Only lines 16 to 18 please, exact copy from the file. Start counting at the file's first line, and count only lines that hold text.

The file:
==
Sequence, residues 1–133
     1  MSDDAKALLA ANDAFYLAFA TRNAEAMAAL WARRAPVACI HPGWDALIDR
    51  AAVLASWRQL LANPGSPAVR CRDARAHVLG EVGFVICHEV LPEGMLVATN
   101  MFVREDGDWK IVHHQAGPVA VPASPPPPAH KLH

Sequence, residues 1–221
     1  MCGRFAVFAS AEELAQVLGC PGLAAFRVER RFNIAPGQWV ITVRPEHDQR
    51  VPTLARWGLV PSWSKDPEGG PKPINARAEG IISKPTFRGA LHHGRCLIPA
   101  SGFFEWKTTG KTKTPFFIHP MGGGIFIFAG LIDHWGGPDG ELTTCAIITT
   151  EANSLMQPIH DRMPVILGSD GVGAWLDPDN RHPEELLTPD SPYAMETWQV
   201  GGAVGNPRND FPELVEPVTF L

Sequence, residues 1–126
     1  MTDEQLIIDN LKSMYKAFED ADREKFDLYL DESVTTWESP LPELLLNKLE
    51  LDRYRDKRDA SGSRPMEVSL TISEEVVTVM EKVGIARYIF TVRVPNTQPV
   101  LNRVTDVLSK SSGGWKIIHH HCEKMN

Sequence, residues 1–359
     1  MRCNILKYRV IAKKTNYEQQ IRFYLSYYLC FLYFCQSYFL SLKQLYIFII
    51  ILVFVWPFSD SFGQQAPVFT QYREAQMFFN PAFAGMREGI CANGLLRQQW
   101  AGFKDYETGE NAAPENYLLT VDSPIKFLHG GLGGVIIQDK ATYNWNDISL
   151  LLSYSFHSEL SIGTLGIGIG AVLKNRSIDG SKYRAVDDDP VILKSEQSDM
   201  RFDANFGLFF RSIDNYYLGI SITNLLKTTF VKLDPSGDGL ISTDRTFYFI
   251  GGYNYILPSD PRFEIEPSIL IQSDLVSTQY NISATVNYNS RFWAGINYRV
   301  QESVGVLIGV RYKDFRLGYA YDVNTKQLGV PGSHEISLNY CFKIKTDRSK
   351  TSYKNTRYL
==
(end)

     1  MRCNILKYRV IAKKTNYEQQ IRFYLSYYLC FLYFCQSYFL SLKQLYIFII
    51  ILVFVWPFSD SFGQQAPVFT QYREAQMFFN PAFAGMREGI CANGLLRQQW
   101  AGFKDYETGE NAAPENYLLT VDSPIKFLHG GLGGVIIQDK ATYNWNDISL